You Have Permission to Not Be Perfect
Fellow entrepreneurs and creative types, I have a problem. I have a problem with perfection. Whew does that feel good to get off my chest!
I feel like I can’t do anything until it’s perfect. For example, writing this blog post will probably take three times as long as it should because I will obsess over every single word.
Guess how long it took me to actually publish my website? Just guess. About a year. An entire year! It didn’t take me nearly that long to write the website copy. But the final act of pushing the publish button and sending something I had created out into the world took an entire year.
My biggest struggle has always been my perfectionism. It has kept me from publishing my novel, a story that has been in my head since first grade. It has kept me in jobs I don’t feel passionate about. It has kept me from moving forward more quickly with my business. But the worst thing? It has kept me from creating.
It Starts in Childhood...
Why do I feel the need to be perfect at everything? Not to get too deep into my childhood sob story, but it all goes back to an offhand comment one of my parents made about kicking me out of the house the minute I turned eighteen. It was meant as a joke, but I was too young to understand that. All I knew was that I would turn eighteen right at the beginning of my senior year of high school and I did not want to try to graduate while being homeless.
The solution, in my tiny little brain, was to be the perfect child. If I was perfect, they wouldn’t want to kick me out, right? I’d at least get to stay until I graduated, right?
That train of thought led to decades of struggling with perfectionism. Sure, I got amazing grades all through high school, but my first B sent me into a spiral of depression and anxiety. Sure, I was accepted into an amazing college with a half-ride scholarship, but I never tried anything new for fear of being bad at it.
I never learned how to fail or learn from my mistakes. Because I made sure I was never in a situation where I made mistakes.
And Challenges Adulthood
This has caused some issues as I work to build my freelance writing career. The biggest issue has been my fear of failure. Because if I fail, I will get kicked out of my house for real. I won’t be able to pay my mortgage, the bank will foreclose, and I’ll be out on the street.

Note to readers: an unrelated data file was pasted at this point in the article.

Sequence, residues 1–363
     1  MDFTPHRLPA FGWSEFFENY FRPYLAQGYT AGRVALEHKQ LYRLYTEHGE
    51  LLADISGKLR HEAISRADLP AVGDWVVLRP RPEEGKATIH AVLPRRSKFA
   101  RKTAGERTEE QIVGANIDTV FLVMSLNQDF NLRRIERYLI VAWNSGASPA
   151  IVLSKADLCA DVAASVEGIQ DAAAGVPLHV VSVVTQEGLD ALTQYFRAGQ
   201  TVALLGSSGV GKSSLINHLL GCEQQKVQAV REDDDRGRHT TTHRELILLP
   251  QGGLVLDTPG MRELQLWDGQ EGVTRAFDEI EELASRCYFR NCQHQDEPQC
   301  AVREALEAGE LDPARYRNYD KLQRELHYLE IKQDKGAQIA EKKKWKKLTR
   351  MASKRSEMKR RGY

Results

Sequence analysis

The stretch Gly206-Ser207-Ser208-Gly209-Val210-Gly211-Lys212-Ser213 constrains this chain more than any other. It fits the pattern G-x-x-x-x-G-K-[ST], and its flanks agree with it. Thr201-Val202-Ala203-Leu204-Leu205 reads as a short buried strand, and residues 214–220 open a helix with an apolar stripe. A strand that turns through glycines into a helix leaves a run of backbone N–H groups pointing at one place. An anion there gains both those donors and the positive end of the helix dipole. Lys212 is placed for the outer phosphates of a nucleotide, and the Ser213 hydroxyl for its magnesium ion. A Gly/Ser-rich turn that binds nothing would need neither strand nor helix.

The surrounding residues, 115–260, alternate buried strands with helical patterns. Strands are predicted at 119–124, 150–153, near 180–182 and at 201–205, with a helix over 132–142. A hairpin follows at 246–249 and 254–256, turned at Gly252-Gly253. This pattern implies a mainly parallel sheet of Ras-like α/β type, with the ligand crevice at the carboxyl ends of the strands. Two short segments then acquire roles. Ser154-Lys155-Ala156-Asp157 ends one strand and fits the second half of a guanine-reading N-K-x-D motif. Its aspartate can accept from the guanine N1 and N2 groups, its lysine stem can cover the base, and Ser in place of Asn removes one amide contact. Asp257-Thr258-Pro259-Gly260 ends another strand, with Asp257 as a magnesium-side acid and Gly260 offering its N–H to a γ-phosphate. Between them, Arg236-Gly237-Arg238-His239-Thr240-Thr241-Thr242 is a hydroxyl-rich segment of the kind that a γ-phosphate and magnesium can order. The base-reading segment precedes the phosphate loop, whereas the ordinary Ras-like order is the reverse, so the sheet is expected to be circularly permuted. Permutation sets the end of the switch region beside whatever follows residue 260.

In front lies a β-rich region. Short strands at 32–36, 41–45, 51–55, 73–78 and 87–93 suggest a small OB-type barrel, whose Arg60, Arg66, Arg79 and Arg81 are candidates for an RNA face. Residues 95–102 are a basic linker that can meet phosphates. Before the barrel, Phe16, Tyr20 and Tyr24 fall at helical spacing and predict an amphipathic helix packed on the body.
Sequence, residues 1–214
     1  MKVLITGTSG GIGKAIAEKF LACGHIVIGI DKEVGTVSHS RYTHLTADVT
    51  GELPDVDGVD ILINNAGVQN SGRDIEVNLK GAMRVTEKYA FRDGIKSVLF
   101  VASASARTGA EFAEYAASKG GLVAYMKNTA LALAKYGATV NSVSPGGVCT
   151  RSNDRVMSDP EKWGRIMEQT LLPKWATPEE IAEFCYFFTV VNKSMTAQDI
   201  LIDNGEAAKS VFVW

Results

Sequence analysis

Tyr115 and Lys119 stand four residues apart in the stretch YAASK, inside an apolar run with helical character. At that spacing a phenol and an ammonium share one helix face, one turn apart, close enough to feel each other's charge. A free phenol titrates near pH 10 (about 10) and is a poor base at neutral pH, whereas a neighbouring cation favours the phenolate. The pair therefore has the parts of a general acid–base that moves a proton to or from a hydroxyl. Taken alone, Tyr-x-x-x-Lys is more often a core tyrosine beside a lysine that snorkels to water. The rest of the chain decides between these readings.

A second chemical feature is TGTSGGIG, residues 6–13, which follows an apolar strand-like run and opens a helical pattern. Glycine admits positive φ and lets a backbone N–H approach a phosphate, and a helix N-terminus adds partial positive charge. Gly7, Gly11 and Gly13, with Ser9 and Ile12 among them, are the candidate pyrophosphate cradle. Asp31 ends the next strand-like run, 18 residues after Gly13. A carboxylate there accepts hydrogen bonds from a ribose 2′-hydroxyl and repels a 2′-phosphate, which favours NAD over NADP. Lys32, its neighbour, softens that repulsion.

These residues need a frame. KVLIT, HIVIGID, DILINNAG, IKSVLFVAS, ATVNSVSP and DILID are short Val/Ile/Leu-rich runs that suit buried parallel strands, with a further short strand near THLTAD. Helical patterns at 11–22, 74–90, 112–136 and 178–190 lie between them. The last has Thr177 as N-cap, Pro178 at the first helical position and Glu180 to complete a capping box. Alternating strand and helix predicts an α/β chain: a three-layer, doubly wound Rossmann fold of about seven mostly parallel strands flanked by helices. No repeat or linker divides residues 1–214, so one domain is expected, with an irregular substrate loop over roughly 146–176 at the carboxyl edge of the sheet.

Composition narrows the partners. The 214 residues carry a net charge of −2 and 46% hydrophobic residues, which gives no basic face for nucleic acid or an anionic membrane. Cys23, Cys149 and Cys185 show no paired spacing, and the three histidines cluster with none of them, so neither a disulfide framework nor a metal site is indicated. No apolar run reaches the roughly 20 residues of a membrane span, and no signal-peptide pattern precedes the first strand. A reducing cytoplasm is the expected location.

So why should I even bother trying? Why not continue my current, soul-sucking job and keep a roof over my head?
These are the thoughts that I have, and I know they’re the same thoughts that a lot of entrepreneurs, small business owners, and creative types have.
It’s hard to put your heart and soul into a creative work and then send it out into the world to be judged and evaluated by other people. Any time I write something, it is a battle to push the publish button.
It’s hard to build something from the ground up. It’s hard to rely on yourself and be in charge of every part of a business. It’s hard to be a leader, to be the person in charge.
And it all comes down to what if I fail? What if I screw up?
That’s what I’m really afraid of. What if I screw up and it ruins everything?
A Big Business Mistake
But the thing is, mistakes happen. When I first started freelance writing, I made a huge mistake. I’m actually super embarrassed to share this...
I had one client at the time, a friend of my dad’s who needed website copy and weekly blogs. Simple enough.
The thing is, I wasn’t in the mindset of running a business and I let everything fall through the cracks.
I was completely unreliable with writing the blog articles. Sometimes I would have them completed at the beginning of the week, sometimes at the end. Sometimes I would do all four at once, sometimes I would space them out over the month.
After several months of kindly asking me to stick to a schedule (my dad’s friend is a saint), he stopped contacting me with the list of topics and the relationship ghosted to a stop. And that’s how I lost my very first client.
I screwed up, and it haunts me. I feel terrible that I let him down. I feel terrible that I ruined that relationship.
But I don’t have a time machine. I can’t change the past. I can only learn from it. I’m starting to sound a little like Rafiki from The Lion King, but it’s true. I screwed up. I’m not perfect. I have to move on.
I might be screwing up right now by writing this. Some of you might read that story and think “She’s completely unreliable. I would never hire her as my copywriter.” It’s terrifying for me to wonder if you are thinking that.
I’m still going to go ahead and write it, though. I’m going to push that publish button. Hopefully not a year from now. I’m doing this because I think it’s important for us to support each other. We all make mistakes, and we can all learn from those mistakes.
So, fellow entrepreneurs. Fellow creators. Fellow small business owners. How have you screwed up lately? Send me a message and let me know! Let’s learn from our mistakes and grow together.
You can contact me at firstname.lastname@example.org. I would love to hear from you!